• Political Geography: Afghanistan, Taliban
  • Author: Jon Temin, Princeton N. Lyman, Ph.D.
  • Publication Date: 08-2013
  • Content Type: Policy Brief
  • Institution: United States Institute of Peace
  • Abstract: Sudan urgently needs to embark on a national dialogue and reform process that is led by Sudanese and supported by the international community. The process should be broadly inclusive, involving elements of the current regime, Islamists, and all armed and unarmed opposition groups. Any meaningful process will be lengthy, likely requiring years to complete. If a genuine, inclusive process is underway, elections in 2015 may need to be delayed. The African Union High-Level Implementation Panel has a critical role to play in advocating for and guiding such a process.
  • Topic: Development, Economics, International Cooperation, Foreign Aid, Fragile/Failed State
  • Political Geography: Africa, Sudan
  • Author: William A. Byrd
  • Publication Date: 09-2013
  • Content Type: Policy Brief
  • Institution: United States Institute of Peace
  • Abstract: Massive amounts of money flowing into Afghanistan since 2001 (foreign military spending, aid, domestic revenues, opium profits, land takeovers and development, informal mineral exploitation, theft of funds such as at Kabul Bank) have had profound political economy impacts, not least by further entrenching factionalized politics and fragmented patronage networks. The ongoing transition involving the drawdown of international troops and Afghan takeover of security responsibilities will be accompanied by drastic declines in international military expenditures and aid. Total resources for patronage will fall sharply; the Afghan government's share in remaining funds will increase; declines will be greatest at local levels, especially in insecure areas in the south/east which had heavy international military presence and high aid; and drug money will become increasingly important. At lower levels of patronage, competition over declining resources may intensify, so even in the absence of major armed conflict at the national level, localized conflicts may continue and even proliferate, aggravated by taking revenge and “settling accounts” by currently excluded and marginalized groups.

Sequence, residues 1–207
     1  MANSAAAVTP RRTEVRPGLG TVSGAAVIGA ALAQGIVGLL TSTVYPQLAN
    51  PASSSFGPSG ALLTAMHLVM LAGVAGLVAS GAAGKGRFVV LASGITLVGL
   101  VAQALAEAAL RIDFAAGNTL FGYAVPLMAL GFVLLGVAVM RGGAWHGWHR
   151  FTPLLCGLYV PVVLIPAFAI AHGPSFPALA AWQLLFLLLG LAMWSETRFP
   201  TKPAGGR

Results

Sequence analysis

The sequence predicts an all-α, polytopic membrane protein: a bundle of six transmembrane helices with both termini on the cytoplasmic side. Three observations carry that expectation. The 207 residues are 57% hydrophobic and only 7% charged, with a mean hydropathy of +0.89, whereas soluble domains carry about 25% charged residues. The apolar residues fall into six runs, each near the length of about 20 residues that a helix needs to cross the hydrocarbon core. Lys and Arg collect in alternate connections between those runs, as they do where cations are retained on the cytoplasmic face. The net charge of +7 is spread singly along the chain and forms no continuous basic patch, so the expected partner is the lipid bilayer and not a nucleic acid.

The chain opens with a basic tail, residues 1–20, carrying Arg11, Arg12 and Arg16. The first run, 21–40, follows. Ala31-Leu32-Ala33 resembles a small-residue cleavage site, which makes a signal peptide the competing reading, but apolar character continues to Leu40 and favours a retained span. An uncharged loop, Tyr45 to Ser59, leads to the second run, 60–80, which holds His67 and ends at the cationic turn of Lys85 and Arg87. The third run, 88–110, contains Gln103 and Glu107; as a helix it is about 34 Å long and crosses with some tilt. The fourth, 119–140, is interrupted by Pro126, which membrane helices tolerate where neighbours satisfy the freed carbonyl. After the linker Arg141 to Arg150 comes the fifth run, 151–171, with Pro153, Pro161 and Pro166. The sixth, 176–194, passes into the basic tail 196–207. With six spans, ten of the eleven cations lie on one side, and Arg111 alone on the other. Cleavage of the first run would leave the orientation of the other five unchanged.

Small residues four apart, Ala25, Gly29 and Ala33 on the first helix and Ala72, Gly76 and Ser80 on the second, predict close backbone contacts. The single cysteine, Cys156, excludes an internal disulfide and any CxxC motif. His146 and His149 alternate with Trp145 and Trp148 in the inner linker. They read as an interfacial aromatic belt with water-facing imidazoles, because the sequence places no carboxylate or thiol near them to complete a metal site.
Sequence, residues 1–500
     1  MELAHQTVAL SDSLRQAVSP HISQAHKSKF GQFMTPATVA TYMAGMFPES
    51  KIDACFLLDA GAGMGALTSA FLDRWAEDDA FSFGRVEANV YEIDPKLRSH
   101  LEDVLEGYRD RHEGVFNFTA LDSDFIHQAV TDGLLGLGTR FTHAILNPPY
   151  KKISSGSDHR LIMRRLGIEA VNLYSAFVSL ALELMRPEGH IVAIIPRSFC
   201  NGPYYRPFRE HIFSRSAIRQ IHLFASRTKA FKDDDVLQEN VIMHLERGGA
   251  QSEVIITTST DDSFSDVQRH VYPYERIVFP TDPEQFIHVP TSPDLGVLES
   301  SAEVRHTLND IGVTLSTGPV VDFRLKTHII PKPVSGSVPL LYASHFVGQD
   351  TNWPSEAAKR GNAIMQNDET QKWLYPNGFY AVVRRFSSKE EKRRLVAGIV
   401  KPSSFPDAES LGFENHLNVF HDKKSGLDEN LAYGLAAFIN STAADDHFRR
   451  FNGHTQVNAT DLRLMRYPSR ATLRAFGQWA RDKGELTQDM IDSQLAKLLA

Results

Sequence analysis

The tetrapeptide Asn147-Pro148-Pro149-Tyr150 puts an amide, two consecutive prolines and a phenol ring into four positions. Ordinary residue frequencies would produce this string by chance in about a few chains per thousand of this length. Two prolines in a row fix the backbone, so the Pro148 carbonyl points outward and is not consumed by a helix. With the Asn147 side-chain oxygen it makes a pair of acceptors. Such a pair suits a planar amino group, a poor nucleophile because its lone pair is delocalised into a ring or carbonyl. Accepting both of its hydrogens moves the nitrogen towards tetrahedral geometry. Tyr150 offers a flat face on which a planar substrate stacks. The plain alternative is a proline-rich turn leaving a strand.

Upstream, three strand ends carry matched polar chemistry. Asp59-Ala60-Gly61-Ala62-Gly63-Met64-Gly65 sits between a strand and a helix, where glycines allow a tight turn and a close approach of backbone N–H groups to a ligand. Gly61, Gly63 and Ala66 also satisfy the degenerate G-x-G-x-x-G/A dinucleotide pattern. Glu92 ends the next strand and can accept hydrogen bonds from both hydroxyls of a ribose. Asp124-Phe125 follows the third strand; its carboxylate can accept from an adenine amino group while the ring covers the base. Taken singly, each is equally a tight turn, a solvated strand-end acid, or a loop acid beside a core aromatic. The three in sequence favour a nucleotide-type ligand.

• Topic: Arms Control and Proliferation, Development, Economics, Islam, Foreign Aid, Narcotics Trafficking, Foreign Direct Investment
  • Political Geography: Afghanistan, Central Asia
  • Author: Steven E. Steiner
  • Publication Date: 09-2013
  • Content Type: Policy Brief
  • Institution: United States Institute of Peace
  • Abstract: Ongoing dialogues and forums on nations in transition reinforce the commonality of challenges related to women's rights and roles in society, especially leadership in government. Women leaders in Afghanistan, Iraq and the Arab Spring countries face major challenges, including heightened insecurity and the risk of women's rights being rolled back significantly. Steps to address these challenges are to build coalitions across internal divides, engage male religious leaders and other men to support women's rights, reach out to youth, develop gender-based budgeting, and underscore the importance of women's economic empowerment. Keys to progress in these areas include obtaining grassroots support and taking a long-term strategic focus in international programs.
  • Topic: Development, Economics, Gender Issues, Government, Labor Issues, Governance
  • Political Geography: Afghanistan, Arabia
  • Author: Antonio Giustozzi, Casey Garret Johnson
  • Publication Date: 11-2013
  • Content Type: Policy Brief
  • Institution: United States Institute of Peace